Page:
Regarding all the interesting facts you mentioned of Church officials burning documents, didn't Pius XII burn a fiercely anti-Nazi encyclical he had just written when he learned about the kind of reprisal Christians inside concentration camps used to get?Your points are well-taken. It would, of course, be best if he abandoned his heresies and joined the Catholic Faith.
You say you are sure that the fundie preacher is aware of the concerns raised by the issue, but if he really knew the extent to which both radical Muslims and their liberal love-hate partners master socialist dialectic, wouldn't he consider that, perhaps, his act of demagoguery is much more likely to fuel support for the 9/11 mosque instead of being a reply, as you put it, against it?
And isn't the timing for this fundie to play "paladin of Christian tradition" just wrong? The neocons of whom fundamentalist Protestants like him are spiritual advisors indirectly decimated an entire Christian community through their adventure in Iraq.
But they were just a bunch of Chaldean papists, so who gives a crap about them, I guess...
Pardon me if this is too politically incorrect, but wouldn't be a better way for this fundie to "declaring Christ's authority" to just abandon his Protestant heresy and embrace the church Christ founded?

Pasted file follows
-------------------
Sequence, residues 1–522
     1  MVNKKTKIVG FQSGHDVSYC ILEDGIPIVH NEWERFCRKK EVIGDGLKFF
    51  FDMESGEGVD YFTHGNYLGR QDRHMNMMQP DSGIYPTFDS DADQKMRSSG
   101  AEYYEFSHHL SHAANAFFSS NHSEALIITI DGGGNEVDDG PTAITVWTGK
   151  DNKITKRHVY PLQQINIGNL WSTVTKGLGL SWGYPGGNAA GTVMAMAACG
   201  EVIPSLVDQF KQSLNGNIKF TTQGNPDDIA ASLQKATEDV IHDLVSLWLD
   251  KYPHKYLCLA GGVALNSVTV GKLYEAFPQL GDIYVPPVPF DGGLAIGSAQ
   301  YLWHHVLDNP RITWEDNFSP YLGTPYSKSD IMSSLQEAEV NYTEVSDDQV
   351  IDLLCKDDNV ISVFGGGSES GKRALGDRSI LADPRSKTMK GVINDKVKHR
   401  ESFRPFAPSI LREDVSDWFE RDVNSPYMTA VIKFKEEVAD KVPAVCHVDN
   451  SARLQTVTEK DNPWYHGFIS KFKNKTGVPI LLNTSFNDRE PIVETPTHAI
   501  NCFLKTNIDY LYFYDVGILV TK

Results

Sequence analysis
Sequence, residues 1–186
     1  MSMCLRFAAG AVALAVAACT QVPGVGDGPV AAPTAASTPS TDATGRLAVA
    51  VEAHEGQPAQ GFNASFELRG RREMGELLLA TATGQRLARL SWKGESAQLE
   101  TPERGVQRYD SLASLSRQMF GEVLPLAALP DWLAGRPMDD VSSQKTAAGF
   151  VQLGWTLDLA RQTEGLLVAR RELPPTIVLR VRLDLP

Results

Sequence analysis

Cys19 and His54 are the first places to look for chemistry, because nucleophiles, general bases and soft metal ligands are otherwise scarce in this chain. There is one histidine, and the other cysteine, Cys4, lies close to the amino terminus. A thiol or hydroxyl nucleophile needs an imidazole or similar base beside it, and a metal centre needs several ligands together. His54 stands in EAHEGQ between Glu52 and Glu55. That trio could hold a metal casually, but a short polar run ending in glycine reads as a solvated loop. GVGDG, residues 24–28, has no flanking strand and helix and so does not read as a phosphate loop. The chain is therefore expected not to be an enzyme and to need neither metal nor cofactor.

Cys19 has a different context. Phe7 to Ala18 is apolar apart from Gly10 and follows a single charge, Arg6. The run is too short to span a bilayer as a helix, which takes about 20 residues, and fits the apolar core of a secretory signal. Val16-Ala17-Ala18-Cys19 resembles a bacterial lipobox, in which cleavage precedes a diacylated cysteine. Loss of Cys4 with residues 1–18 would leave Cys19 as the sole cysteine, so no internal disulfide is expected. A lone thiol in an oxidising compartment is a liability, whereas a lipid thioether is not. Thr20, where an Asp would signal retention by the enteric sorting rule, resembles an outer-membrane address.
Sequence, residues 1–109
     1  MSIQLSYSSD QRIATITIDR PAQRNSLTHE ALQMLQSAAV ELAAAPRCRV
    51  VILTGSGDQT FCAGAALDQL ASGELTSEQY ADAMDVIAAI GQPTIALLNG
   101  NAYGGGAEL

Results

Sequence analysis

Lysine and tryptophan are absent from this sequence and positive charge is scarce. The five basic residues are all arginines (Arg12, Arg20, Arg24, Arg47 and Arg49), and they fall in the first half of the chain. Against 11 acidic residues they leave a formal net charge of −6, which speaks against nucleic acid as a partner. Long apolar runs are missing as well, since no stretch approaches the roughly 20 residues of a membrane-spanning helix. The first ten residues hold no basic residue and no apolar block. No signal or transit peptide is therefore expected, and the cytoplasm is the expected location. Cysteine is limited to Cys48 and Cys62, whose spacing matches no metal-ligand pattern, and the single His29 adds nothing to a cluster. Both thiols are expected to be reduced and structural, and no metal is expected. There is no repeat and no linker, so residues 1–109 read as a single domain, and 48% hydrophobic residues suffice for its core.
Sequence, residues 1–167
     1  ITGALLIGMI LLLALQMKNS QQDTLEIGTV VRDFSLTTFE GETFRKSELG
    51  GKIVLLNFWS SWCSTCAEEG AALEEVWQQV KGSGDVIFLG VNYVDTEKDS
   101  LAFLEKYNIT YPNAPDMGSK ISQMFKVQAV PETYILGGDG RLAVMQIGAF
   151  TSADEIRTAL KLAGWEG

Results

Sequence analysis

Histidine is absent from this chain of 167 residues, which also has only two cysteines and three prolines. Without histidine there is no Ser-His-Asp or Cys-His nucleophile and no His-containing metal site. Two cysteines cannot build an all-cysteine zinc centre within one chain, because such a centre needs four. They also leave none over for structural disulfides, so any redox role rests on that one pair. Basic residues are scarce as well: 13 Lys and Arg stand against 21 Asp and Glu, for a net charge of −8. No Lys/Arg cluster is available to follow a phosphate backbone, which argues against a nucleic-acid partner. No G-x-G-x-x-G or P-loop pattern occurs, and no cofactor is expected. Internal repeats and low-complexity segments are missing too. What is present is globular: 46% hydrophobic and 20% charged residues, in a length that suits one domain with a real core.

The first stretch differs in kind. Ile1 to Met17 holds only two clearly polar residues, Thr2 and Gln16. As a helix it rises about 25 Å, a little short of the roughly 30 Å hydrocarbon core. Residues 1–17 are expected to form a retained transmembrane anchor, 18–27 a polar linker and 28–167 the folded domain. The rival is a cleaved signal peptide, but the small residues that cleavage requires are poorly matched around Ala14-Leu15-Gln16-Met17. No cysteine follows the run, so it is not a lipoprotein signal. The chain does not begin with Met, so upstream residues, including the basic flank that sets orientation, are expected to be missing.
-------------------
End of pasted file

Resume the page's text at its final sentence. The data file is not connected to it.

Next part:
But, apart from that, let's examine the motive and consequences of this action he contemplates.
I think we can all agree that there is no intrinsic problem with burning the Quran. The act itself is fine, even morally to be encouraged. It is only the possible negative consequences from Muslims that cause people to be concerned.
So, let's talk about consequences and moral responsibility.
As we all know by now, the invasion of Iraq and overthrow of Saddam had both good and bad consequences.
We ended government sponsored political torture, but engendered civil chaos.
We ended rape rooms but engendered riots.
We stopped the gassing and destruction of the Kurds but engendered the eviction and destruction of millennia-old Christian communities.
We dismantled Saddam's weapons programs, but removed the political counter-weight to the terror state that is Iran.
The Pope foresaw the negative consequences and said overall, the war was a bad idea.
American politicians foresaw the positive consequences and said overall, it was a good idea.
Now, is there a correspondence between the pastor in Florida and the Pope?
Or even between the pastor in Florida and the President of the United States?